There is a difference in the prevalence of symptoms in Asian versus Western women. Further, wide variations have been evident in the subpopulation studies, including Indian women from selected regions. There is a growing menopausal women population in India due to increased life expectancy, prioritizing menopausal health.[8]

According to the National Family Health Survey 3 data on menopause (natural and induced) for women aged 30–49 years in the whole country, <10% are menopausal in their thirties and one-fifth of the women aged 40–41 years have already reached menopause. The incidence of menopause increases rapidly after the age of 41 years. By 48–49 years of age, the prevalence rises quickly to 65%.[9]

The total number of Indian women aged 50 years and over will increase from 95 million in 2010 to 168 million in 2030. Hence, menopausal health demand is a priority in the Indian scenario due to the growing population of menopausal women.[10]

  Methodology Top

The study design followed here is a community-based cross-sectional study. The principal investigator got ethical committee approval before starting the survey with the number: AJEC/Rev/177/2012-13. the total sample size is 364 participants undergoing a natural menopausal transition and attained natural menopause. The questionnaire collected the participants' details, including sociodemographic and other relevant data. After completing the questionnaire, an appropriate clinical examination for all the participants is done. Statistical method: The collected data are entered into Microsoft Excel and are analyzed using SPSS (IBM, New York, SPSS version 20.0). The analysis includes various statistical techniques.

  Results Top

Among the 364 study participants, 105 (28.8%) and 259 (71.2%) participants were in the perimenopausal and postmenopausal groups. The study population's mean age is 50.72 ± 5.69 years, and the median age is 51 years. The mean age at menopause is 48.31 ± 4.068 years, and the median age at menopause is 48 years. In this study, among the study subjects, 299 (82.1%) were Hindus, 49 (13.5%) were Muslims, and 16 (4.4%) were Christians; 92 (26.6%) of them were illiterate, and 267 (73.4%) were literates [Table 1]. Three hundred and thirty-two (91.2%) were married, 29 (8%) were widowed, two (0.5%) were separated, and one (0.3) was unmarried. One hundred and ninety-six (53.8%) were homemakers, 133 (36.5%) were beedi workers, 20 (5.5%) were housemaids, nine (2.5%) were tailors, five (1.4%) were clerks, and one (0.3) was a home nurse. As per the standard of living index, socioeconomic classification showed that 10 (2.7%) belonged to the upper-high class, 229 (62.9%) belonged to the high class, 94 (25.8%) belonged to the upper-middle class, 27 (7.4%) belonged to lower-middle class, and four (1.1%) were poor. The mean age at menarche and the mean age at menopause of the study subjects were 13.18 ± 1.129 years and 48.31 ± 4.068 years, respectively.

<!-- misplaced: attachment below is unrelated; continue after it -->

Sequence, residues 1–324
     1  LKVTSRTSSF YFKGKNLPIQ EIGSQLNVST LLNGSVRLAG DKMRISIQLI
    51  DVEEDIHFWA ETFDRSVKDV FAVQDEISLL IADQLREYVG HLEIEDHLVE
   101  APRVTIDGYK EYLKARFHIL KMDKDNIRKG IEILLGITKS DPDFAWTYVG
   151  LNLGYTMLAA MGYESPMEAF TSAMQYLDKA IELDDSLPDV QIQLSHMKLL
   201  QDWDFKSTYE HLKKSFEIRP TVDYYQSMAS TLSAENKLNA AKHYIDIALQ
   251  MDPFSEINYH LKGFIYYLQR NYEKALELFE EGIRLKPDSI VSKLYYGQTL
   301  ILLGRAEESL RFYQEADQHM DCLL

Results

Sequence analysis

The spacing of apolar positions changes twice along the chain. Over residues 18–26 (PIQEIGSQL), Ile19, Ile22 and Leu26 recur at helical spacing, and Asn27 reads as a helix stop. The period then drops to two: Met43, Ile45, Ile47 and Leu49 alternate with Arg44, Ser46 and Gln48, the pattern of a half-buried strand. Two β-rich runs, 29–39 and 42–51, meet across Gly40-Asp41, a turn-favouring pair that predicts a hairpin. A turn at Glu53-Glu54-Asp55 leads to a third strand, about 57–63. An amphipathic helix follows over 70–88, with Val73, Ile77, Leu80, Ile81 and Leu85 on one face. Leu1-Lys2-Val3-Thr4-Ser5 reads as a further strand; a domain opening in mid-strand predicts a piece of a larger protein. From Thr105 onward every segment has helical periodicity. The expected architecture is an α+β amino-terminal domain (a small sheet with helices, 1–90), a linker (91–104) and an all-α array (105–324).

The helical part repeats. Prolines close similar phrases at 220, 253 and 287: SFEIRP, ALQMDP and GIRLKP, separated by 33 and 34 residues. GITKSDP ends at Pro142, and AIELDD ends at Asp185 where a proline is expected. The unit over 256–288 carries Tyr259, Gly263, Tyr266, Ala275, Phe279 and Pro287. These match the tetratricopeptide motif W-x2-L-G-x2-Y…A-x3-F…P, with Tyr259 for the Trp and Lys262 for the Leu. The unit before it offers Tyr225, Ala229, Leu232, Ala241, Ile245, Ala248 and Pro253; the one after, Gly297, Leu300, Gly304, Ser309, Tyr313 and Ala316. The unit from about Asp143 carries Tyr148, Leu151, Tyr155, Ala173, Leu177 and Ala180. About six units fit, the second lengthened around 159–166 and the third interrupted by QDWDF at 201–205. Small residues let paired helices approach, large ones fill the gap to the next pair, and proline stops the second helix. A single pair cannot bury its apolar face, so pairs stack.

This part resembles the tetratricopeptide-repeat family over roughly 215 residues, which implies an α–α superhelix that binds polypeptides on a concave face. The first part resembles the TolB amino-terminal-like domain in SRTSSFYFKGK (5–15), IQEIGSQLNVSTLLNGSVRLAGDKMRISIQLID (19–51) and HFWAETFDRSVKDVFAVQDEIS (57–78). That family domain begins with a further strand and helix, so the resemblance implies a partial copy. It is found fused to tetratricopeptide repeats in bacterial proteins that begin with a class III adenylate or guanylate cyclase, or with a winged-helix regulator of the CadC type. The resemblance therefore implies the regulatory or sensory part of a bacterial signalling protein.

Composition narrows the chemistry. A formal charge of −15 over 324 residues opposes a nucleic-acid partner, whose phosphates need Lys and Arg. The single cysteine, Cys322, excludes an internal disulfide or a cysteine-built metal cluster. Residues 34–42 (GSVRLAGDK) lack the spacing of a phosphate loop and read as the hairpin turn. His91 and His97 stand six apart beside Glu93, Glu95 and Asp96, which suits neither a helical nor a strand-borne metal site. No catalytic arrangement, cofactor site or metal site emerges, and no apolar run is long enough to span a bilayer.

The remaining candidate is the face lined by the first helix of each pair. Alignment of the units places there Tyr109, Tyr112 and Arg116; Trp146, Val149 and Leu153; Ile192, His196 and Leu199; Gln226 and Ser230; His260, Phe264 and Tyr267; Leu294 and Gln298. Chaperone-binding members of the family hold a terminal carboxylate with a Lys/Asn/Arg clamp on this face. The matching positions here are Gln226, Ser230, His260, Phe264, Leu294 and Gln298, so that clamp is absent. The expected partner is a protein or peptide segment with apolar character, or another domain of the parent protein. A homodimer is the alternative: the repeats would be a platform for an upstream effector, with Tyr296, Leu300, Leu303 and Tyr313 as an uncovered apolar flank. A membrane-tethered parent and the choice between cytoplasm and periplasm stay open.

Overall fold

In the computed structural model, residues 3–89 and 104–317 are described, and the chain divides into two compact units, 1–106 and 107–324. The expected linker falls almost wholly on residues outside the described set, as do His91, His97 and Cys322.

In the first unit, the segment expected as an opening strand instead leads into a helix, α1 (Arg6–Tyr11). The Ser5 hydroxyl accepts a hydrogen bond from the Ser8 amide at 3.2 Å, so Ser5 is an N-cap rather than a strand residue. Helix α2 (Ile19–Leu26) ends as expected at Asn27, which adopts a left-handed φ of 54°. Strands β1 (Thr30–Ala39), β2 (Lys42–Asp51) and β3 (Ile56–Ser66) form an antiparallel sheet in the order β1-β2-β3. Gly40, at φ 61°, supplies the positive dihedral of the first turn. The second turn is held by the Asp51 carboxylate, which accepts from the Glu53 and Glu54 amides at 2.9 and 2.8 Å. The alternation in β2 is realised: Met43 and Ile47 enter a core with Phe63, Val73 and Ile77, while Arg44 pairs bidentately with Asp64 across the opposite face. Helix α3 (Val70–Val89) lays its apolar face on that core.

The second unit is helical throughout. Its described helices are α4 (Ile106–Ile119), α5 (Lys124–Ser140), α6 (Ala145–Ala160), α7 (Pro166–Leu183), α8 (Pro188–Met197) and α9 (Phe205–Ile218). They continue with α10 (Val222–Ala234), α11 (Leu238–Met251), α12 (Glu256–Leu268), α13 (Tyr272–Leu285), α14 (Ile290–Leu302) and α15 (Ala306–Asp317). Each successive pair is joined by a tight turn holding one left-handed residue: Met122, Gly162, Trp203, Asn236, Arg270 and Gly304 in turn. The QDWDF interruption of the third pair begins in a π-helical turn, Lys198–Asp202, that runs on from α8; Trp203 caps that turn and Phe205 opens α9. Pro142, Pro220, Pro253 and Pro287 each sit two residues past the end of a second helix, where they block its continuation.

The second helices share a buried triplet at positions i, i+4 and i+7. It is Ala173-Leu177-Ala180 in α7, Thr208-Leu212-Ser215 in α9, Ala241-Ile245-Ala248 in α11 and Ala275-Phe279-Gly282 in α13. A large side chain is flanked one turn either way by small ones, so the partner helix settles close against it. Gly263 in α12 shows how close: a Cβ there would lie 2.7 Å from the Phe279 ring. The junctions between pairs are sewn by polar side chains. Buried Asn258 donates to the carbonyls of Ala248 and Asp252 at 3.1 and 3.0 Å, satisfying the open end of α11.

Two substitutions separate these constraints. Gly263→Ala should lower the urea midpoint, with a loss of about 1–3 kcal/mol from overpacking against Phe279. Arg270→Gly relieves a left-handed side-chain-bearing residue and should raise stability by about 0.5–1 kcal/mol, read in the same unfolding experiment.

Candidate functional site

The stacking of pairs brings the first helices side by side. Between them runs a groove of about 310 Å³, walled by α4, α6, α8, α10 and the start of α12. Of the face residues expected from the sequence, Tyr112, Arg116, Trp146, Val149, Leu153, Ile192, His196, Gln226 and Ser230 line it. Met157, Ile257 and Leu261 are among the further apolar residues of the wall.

Table 1: Representation of the sociodemographic details of the study participants

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Among those going through perimenopause, all of them had irregular cycles currently. In this study, 68 (18.7%) were chronic tobacco chewing and five (1.4%) were regularly snuffing.